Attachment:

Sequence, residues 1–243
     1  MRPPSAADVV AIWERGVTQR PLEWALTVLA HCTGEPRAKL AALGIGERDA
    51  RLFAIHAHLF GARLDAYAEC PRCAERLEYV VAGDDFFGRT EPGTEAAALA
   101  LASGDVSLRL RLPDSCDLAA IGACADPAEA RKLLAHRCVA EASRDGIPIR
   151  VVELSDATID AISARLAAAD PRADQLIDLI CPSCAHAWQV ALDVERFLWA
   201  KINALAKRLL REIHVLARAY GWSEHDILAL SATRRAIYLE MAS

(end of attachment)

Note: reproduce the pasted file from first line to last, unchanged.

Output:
Sequence, residues 1–243
     1  MRPPSAADVV AIWERGVTQR PLEWALTVLA HCTGEPRAKL AALGIGERDA
    51  RLFAIHAHLF GARLDAYAEC PRCAERLEYV VAGDDFFGRT EPGTEAAALA
   101  LASGDVSLRL RLPDSCDLAA IGACADPAEA RKLLAHRCVA EASRDGIPIR
   151  VVELSDATID AISARLAAAD PRADQLIDLI CPSCAHAWQV ALDVERFLWA
   201  KINALAKRLL REIHVLARAY GWSEHDILAL SATRRAIYLE MAS